Whether you’ve just started decorating your nursery or are hoping to make it more baby-friendly as your child grows, the most important factor to consider is this: functionality and safety matter most. Although themed decor and comfy essentials add a sense of warmth to the space, make sure that all elements within your nursery are there to keep your child safe and prevent injury.
The most common injuries seen from time in the nursery include:
- Scrapes and bruises
- Hand and finger injuries caused from jams in doors, drawers or other bins.
How to Baby-Proof Your Nursery
The best tips for baby-proofing the nursery are as follows:
- Do not hang anything directly over the crib or changing table. Tiny hands can easily grab these and pull them down onto themselves causing abrasions, bruises, or severe injury.
- Opt for a thick carpet or mat to help alleviate the injury that can come with a fall.
- Choose a toy box with an open-top as lids can cause injuries to fingers, toes, or other body parts.
- Add security latches to drawers, bins, and closet doors.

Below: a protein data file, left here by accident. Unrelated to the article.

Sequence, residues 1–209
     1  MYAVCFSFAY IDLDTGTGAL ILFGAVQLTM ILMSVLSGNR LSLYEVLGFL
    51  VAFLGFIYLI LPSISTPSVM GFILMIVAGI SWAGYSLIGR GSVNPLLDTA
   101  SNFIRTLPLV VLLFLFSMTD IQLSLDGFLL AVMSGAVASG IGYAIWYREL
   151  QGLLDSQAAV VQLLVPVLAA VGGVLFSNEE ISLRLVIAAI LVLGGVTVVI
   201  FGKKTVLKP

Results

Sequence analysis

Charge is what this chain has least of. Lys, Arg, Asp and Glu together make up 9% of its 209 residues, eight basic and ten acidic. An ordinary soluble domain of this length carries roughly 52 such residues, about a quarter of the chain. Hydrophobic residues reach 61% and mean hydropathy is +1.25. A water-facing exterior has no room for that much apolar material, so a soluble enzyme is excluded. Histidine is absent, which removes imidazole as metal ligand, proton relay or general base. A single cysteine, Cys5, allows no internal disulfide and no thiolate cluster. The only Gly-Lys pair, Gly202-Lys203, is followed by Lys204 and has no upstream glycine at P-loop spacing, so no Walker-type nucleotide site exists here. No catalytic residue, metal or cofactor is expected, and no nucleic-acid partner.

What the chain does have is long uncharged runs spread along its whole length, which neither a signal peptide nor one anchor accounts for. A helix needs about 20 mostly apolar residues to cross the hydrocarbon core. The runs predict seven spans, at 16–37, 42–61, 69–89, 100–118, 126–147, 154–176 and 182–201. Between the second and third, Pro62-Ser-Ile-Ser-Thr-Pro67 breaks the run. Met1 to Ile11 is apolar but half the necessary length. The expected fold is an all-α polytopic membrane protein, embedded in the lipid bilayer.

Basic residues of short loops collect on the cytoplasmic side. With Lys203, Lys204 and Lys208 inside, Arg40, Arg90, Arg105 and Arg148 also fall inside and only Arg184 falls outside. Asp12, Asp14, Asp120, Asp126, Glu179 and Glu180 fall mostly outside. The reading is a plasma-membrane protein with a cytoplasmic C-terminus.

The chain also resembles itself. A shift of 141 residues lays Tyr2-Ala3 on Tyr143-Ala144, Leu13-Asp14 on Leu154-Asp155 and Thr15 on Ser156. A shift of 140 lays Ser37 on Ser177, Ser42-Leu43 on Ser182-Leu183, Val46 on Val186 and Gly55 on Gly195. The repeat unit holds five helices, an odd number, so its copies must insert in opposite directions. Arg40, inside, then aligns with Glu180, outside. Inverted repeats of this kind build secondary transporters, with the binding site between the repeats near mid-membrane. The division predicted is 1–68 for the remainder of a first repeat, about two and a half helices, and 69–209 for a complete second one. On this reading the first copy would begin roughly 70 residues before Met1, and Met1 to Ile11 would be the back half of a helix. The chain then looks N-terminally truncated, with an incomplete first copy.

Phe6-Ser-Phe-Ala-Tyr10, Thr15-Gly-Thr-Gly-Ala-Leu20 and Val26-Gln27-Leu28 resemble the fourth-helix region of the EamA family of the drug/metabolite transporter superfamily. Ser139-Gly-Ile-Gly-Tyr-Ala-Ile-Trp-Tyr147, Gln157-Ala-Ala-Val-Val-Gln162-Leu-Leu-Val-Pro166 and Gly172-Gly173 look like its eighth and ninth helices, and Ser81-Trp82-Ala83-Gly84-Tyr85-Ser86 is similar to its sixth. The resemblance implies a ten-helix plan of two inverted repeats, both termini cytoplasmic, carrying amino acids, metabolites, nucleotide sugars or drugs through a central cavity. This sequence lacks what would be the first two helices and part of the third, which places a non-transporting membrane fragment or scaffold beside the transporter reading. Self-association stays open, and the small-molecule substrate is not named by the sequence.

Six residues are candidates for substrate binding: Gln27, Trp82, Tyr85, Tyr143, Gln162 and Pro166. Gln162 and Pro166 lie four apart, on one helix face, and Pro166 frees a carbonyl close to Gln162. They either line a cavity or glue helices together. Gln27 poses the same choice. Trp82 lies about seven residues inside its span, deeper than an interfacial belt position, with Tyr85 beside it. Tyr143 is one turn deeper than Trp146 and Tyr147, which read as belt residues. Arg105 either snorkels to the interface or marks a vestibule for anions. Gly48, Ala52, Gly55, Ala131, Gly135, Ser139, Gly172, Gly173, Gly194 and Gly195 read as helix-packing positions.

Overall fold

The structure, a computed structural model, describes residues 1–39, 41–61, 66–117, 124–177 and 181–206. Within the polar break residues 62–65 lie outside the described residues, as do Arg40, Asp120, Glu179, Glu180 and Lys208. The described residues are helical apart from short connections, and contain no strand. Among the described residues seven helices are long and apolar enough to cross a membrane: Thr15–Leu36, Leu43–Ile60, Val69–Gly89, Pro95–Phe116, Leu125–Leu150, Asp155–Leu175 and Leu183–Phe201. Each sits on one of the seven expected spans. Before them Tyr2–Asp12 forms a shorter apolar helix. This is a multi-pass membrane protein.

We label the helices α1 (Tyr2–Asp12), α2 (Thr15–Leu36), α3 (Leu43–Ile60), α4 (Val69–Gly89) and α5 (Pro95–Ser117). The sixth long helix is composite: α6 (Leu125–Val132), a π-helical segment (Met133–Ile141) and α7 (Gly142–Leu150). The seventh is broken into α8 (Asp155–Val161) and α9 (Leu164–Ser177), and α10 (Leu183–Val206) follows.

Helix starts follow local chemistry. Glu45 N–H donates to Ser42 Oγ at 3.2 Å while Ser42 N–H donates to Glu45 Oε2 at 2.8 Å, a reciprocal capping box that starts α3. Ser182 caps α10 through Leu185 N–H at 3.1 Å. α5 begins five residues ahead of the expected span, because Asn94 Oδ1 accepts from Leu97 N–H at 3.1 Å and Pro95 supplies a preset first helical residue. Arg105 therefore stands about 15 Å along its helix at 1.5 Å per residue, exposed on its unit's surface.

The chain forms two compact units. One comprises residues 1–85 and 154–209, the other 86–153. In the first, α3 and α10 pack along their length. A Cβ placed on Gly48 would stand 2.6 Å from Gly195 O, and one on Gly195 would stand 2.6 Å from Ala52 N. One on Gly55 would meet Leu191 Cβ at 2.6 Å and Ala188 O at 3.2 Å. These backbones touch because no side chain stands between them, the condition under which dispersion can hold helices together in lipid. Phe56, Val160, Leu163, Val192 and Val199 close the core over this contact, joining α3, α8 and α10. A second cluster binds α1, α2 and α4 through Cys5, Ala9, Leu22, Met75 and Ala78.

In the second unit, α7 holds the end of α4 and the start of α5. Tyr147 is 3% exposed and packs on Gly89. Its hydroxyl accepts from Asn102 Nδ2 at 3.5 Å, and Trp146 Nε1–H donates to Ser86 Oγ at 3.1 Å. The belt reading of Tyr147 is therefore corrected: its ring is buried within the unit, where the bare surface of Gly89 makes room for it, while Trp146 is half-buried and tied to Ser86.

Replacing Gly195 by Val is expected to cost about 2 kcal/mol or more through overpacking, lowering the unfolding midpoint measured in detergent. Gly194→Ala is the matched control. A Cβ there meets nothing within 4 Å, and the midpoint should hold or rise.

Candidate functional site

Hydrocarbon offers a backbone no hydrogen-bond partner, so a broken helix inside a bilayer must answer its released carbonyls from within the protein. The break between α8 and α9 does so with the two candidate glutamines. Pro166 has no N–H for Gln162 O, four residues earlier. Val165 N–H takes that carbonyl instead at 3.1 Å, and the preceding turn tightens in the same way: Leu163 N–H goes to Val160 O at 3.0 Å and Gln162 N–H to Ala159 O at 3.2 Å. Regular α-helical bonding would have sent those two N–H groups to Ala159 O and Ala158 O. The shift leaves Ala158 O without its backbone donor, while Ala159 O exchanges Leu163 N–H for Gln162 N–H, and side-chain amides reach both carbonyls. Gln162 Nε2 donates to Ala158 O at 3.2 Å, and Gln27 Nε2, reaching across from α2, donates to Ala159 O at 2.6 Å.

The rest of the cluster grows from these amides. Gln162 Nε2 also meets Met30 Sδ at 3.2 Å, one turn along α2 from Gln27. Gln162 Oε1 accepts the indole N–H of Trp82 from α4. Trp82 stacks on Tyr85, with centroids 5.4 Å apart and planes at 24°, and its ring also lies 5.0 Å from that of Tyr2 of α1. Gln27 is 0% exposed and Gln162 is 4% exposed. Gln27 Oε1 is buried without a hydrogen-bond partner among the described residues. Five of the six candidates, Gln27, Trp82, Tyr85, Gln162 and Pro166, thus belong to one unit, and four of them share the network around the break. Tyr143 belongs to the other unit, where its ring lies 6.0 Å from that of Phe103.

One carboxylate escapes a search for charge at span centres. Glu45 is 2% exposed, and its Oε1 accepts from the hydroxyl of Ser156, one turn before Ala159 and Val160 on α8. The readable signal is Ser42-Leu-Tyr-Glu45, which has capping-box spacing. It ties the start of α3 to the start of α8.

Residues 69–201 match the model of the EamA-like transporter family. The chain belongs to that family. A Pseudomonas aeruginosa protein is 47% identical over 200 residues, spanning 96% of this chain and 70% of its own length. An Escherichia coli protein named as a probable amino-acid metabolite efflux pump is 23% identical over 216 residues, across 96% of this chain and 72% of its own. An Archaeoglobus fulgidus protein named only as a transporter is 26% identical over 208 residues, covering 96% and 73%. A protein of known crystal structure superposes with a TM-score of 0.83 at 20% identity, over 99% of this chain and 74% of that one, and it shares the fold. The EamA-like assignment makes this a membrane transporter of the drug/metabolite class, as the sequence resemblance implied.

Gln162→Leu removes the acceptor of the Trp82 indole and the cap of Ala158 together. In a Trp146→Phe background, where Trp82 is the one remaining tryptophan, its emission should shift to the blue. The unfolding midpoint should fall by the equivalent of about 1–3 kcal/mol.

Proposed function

- Cover all sharp edges and corners with bumpers or safety padding.
- Insert outlet covers into all open outlets.
- Keep any cords out of a child’s reach.
- Consider cordless blinds.
- Do not fill a baby’s crib with heavy blankets, pillows, or stuffed animals as they increase the risk of suffocation during sleep.
- Choose age-appropriate toys and simplistic decor elements to avoid the risk of choking on objects that they could easily come in contact with.
Baby-Proof The Backyard
Your backyard should be your personal oasis, not a danger zone for growing children. Although everyone’s backyard is laid out a bit differently, there are various ways to baby-proof the area to keep your children safe.
The most common injuries in the backyard for babies and toddlers include:
- Falls from swing set equipment
- Bruises and sprains from outdoor toys and furniture
- Burns from outdoor firepits, grilling equipment, or the sun
- Water-related injuries in backyards that contain a pool
How to Baby-Proof Your Backyard
Here are our top tips for baby-proofing your backyard area:
- Properly fence in any pools.
- Cushion sharp corners on outdoor furniture.
- Block off any water features from a child’s direct access.
- Keep all garden hoses out of the sun.
- Avoid dangerous plants that could be toxic or harmful to your child.
- Check all playground equipment regularly to ensure it is sturdy and safe to play on.